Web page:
John Libbey Eurotext

Magnesium Research

Submaximal exercise intensities do not provoke variations in plasma magnesium concentration in well-trained euhydrated endurance athletes with no magnesium deficiency Volume 24, numéro 2, June 2011

Illustrations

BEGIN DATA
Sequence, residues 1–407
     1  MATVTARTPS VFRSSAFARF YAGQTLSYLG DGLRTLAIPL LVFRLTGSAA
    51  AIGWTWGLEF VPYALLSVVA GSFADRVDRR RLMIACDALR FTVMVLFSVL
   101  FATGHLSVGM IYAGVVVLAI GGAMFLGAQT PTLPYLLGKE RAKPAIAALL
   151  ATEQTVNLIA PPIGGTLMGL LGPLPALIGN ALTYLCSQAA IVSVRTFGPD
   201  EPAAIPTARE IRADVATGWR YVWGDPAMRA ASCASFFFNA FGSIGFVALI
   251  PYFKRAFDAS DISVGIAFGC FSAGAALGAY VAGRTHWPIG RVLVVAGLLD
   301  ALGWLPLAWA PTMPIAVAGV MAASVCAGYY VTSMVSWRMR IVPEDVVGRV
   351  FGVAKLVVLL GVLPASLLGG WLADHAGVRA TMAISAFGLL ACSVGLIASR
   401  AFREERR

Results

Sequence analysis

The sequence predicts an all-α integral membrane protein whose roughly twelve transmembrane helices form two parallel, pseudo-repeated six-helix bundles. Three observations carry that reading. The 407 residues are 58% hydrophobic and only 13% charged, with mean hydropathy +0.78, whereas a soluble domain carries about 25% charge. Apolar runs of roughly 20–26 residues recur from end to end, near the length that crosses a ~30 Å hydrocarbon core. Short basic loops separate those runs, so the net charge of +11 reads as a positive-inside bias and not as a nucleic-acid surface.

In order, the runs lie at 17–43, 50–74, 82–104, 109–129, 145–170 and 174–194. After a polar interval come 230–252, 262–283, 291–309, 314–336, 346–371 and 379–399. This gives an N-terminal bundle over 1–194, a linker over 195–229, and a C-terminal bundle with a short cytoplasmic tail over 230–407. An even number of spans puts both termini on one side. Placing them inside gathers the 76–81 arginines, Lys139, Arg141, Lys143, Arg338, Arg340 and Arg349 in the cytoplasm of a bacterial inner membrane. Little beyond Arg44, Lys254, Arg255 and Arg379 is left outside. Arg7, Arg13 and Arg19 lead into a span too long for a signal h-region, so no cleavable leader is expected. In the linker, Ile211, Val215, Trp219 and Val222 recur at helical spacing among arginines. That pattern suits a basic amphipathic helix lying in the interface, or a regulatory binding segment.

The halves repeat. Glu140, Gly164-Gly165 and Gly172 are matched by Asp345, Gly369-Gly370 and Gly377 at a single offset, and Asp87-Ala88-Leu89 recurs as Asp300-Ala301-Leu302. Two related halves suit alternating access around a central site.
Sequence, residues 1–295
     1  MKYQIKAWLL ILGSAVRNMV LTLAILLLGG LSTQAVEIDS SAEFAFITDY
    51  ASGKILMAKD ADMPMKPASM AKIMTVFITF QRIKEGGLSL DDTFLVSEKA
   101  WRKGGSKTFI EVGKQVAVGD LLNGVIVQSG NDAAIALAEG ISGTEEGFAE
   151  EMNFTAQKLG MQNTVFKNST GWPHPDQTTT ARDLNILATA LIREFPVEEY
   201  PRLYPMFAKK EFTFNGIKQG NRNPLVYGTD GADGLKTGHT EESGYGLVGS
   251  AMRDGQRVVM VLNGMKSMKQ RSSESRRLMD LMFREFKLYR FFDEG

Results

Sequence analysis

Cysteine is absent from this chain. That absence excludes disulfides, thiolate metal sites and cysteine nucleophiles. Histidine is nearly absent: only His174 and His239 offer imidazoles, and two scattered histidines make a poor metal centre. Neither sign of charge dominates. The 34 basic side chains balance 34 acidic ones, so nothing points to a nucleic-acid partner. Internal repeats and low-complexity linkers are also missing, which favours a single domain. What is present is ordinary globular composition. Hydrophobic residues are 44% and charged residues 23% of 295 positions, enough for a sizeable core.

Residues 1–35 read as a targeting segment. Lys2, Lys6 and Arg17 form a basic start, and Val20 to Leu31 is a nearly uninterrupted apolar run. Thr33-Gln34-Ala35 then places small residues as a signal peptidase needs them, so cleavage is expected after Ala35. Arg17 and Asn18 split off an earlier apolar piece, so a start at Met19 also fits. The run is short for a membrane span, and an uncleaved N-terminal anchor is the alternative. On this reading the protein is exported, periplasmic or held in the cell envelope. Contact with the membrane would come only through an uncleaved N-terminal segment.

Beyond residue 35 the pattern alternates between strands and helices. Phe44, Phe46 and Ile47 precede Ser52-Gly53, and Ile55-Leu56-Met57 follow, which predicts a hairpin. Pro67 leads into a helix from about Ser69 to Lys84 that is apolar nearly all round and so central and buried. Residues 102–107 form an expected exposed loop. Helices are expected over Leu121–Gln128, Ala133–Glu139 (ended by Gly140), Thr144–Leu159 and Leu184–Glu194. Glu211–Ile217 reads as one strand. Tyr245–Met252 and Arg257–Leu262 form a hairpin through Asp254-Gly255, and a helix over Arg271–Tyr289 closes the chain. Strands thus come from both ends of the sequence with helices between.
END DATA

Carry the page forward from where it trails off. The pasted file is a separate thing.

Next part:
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The purpose of this study was to assess the effect of exercise intensity during an incremental exercise test on plasma Mg concentration in well-trained euhydrated athletes. Twenty-seven well-trained endurance athletes carried out a cycloergometer test: after a warm-up of 10 min at 2.0 W·kg -1, the workload increased by 0.5 W·kg -1 every 10 min until exhaustion. Oxygen uptake (VO 2), blood lactate concentration ([La -] b), catecholamines, and plasma Mg were measured at rest, at the end of each stage and at 3, 5 and 7 minutes post-exercise. Urine specific gravity (U SG) was analyzed before and after the test, and subjects drank water ad libitum. Fat oxidation rate (FAT oxr), carbohydrate oxidation rate (CHO oxr), energy expenditure from fat (EE FAT), energy expenditure from carbohydrate (EE CHO), and total EE (EE TOTAL) were estimated using stoichiometric equations. Plasma Mg concentration at each relative exercise intensity (W·kg -1) were compared by means of repeated-measures ANOVA. Pearson's correlations were performed to assess the relationship between variables. The significance level was set at p<0.05. No significant differences were found in U SG between before and after the test (1.014±0.004 vs 1.014±0.004 g·cm -3). Nor were significant differences found in plasma Mg as a function of the different exercise intensities. Further, no significant correlations were detected between Mg and metabolic variables. In conclusion, acute exercise at a range of submaximal intensities in euhydrated well-trained endurance athletes does not affect plasma Mg concentration, suggesting that the plasma volume plays an important role in Mg homeostasis during exercise.